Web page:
Sausage Party is a film that is way better than it has absolutely any right to be. A love child of Seth Rogen and Evan Goldberg (who have had their share of hits and misses over the years), the film raised eyebrows from the moment it was first conceived. The concept of a very hard R-rated, 3D animated movie about foul-mouthed supermarket items, at first glance seems novel, but vapid. This is occasionally true, but Sausage Party, provides just enough substance to back up its ambitiously offensive humor.
In your average, everyday supermarket, everything from hotdogs, buns, bagels, and potatoes, are sentient and long to be bought by humans, who will take them to the great beyond (where they’re sure nothing bad happens to food), and have wild sex with each other (yes, I know). This belief is shaken when a jar of honey mustard (Danny McBride), is returned to the supermarket traumatized. This leads the main hot dog, Frank (Rogen), hot dog bun, Brenda (Kristen Wigg), and their friends on a quest for the truth.
The plot, while often feeling contrived as a way to get animated foods to be profane, is bolstered by its purposeful plot. It functions as a religious allegory, which at least gives it some weight to the profanity. The swearing does become numbing for a while, but the film goes from 0-100 real quick in the last twenty minutes. I won’t spoil too much, but it involves the villainous douche (yes, a literal douche is the villain), a food rebellion involving bath salts, and the single most graphic sex scene you’re likely to see in any movie this year. It’s this insane climax, coupled
The cast for sausage party is surprisingly dense, with regulars like Jonah Hill, James Franco, Bill Hader, Michael Cera, Craig Robinson and Paul Rudd all present, as well names like Edward Norton, Nick Kroll, and Salma Hayek showing up. each play an often rather clever character, such as a Stephen Hawking-esque gum in a wheelchair, the “nonparishables” including a twinky, native American fire water, and a box of grits, as the ones who invented the concept of the great beyond. The movie is rife with these clever food jokes, and references. Apart from the clever bits, a majority of the films laugh rely on shock humor. The juxtaposition of the cartoony animations, mixed with extremely graphic “killings” of the food, is often pretty effective. Sometimes, however, it can be really trite. Shock humor can only go so far before the novelty wears really thin, and the argument that Sausage Party rests its laurels on food swearing and fucking start to peak through. This is especially apart when the hot dog, and several other foods smoke weed through a kazoo. I mean come on.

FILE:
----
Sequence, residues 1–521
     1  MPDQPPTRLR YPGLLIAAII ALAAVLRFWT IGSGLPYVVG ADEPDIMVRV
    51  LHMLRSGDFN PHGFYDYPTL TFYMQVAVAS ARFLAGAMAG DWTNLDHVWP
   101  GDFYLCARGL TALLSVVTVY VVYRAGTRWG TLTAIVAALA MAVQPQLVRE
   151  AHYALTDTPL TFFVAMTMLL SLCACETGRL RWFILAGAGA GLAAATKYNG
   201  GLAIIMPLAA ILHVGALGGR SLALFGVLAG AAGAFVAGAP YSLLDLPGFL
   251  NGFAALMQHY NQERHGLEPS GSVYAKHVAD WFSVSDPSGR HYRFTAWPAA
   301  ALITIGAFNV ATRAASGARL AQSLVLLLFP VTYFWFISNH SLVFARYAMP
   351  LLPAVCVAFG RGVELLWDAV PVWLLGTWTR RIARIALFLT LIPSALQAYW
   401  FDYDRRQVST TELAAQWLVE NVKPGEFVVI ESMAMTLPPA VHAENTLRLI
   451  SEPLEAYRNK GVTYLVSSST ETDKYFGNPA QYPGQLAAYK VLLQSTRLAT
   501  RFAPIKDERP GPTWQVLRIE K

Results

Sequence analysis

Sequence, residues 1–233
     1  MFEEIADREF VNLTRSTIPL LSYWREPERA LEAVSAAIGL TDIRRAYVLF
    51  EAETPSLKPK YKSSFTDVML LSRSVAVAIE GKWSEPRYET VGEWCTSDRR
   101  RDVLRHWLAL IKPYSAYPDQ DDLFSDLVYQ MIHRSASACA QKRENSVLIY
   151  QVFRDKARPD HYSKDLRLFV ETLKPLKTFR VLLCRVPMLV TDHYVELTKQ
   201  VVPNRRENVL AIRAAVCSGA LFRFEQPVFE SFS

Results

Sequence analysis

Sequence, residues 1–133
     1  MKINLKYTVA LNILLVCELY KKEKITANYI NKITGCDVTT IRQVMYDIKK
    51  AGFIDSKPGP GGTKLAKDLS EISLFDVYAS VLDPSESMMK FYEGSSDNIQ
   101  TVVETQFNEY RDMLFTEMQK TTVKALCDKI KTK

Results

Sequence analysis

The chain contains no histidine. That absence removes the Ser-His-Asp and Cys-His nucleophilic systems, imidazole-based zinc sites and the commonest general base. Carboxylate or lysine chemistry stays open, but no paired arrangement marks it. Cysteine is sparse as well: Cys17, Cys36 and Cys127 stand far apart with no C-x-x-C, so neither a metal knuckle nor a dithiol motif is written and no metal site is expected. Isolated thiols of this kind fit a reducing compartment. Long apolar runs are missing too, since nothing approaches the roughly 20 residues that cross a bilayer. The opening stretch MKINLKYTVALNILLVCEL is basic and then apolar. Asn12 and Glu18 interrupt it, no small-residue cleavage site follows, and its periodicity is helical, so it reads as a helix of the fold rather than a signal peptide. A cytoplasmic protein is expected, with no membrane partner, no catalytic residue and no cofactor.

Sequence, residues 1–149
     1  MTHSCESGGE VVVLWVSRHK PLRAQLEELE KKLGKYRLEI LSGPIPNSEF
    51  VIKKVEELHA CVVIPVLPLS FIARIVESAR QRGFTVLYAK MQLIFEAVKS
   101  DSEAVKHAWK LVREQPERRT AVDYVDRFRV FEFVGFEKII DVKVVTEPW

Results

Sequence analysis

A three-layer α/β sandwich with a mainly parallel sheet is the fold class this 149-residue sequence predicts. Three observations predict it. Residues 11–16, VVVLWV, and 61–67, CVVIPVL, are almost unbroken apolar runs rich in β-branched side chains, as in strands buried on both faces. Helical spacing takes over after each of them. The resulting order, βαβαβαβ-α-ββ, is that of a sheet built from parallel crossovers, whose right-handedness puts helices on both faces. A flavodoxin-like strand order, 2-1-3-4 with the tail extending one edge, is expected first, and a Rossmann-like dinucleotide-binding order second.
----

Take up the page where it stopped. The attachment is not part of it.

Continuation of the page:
Still, thanks to a decent, pointed premise, some really clever food jokes, and some genuinely transgressive, offensive humor, Sausage Party manages to be a pretty entertaining trip, and way better than it should be. I wouldn’t mind seeing this kick start a trend of more adult-oriented animation.